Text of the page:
Last night my son showed me a clump of hair the size of a quarter that had come out during his shower. The doctors had warned us that hair loss was a common side effect of chemotherapy although we had also heard of cases where patients experienced hair thinning instead of total loss. I guess I had decided thinning was going to be it for us because I was shocked to see the hair in his hand and the look of resignation on his face. I asked him if he wanted to get it cut after school and he just shrugged. Every day this week he has been so tired and worried about his schoolwork. He has two tests today that had him up late last night studying despite the exhaustion and the ache in his jaw: Chemistry and A.P. History—two classes he’s really worried about. How can he focus on his studies when he is so tired and his hair is falling out? I offered to help him study but he declined, and I knew he wanted me to leave him alone so I did. Today, I’m trying to remind myself that this fighting cancer is a journey, one step at a time, and that we will get through it. Hair grows back. The loss is a temporary condition I tell myself.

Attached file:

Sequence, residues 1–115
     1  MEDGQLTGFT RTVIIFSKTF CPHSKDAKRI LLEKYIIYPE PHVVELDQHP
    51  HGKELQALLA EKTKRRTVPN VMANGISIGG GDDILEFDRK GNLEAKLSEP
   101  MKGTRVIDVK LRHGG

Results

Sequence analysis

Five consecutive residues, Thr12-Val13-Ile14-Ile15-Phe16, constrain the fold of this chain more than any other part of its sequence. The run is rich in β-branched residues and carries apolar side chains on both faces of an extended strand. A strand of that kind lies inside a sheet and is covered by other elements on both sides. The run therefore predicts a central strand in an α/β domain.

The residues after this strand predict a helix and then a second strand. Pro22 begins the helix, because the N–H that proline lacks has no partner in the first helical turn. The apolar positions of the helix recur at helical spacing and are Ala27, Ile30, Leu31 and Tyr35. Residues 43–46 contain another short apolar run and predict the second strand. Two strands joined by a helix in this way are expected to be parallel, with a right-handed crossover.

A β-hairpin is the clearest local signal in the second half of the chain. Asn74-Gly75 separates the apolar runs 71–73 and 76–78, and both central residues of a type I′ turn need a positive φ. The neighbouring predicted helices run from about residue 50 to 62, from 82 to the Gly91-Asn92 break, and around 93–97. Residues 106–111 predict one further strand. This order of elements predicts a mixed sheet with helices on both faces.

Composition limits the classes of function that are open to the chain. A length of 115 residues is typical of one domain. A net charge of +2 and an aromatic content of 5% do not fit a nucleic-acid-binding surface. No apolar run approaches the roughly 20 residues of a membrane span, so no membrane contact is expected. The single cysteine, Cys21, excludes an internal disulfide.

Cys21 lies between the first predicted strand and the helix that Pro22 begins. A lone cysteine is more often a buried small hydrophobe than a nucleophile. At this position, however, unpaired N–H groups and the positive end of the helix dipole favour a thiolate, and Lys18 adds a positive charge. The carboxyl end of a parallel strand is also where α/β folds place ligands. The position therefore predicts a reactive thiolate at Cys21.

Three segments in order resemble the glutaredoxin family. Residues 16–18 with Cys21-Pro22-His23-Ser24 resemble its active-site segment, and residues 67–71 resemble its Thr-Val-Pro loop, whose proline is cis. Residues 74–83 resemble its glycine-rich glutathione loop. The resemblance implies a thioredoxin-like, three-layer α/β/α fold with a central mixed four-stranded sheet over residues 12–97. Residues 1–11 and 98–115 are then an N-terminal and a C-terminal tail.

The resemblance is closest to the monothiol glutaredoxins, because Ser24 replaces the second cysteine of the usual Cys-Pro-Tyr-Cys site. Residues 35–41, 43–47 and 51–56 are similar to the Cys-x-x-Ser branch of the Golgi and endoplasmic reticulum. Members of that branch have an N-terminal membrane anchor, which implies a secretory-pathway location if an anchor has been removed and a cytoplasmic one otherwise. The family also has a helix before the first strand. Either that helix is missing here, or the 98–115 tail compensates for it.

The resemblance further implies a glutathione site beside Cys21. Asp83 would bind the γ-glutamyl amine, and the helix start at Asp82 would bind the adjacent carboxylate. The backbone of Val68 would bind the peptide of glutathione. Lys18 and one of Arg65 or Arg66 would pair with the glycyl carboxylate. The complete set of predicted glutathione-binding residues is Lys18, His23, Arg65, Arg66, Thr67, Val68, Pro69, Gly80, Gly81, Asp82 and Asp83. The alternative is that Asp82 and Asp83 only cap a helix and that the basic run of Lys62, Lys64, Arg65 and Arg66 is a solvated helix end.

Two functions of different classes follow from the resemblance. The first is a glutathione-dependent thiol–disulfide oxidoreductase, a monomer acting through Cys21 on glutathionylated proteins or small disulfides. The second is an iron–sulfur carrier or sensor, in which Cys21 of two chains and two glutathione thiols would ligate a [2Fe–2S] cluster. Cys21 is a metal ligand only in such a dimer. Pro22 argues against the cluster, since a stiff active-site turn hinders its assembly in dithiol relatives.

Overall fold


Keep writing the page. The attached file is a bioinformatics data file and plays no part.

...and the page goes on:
And if I could take this from him, I would.
Friday, Sept. 5
We decided we prefer to think of it as 25% through the treatment, rather than two down, six to go. Chemotherapy today went much better than the first time around. For one thing, we were only at the Jimmy Fund Clinic for three hours rather than the six-hour marathon of our first visit. The actual chemo infusion takes about 15 minutes, and again, I find myself thanking God that’s it’s Hodgkins (highly curable) and that we caught it so early. Who would ever think you would count your blessings when your child has cancer, but believe me, I do because I know it could be a lot worse. Two images haunt my memory of this day: The first is a boy, probably 15 or at least close to my son’s age, who comes towards us while we wait in the clinic. He has one leg and is on crutches; his head is shaved and his skin is ashen from treatments. We don’t make eye contact. The other image is as we are leaving the “infusion area” where they administer the chemo. As I walk the hallway, I glance into a room and see a teen boy stretched out on the bed, his mother lying beside him while they watch a television screen suspended from the ceiling. Her face mirrors my heart, and I see myself in the set line of her mouth and the sad determination in her eyes.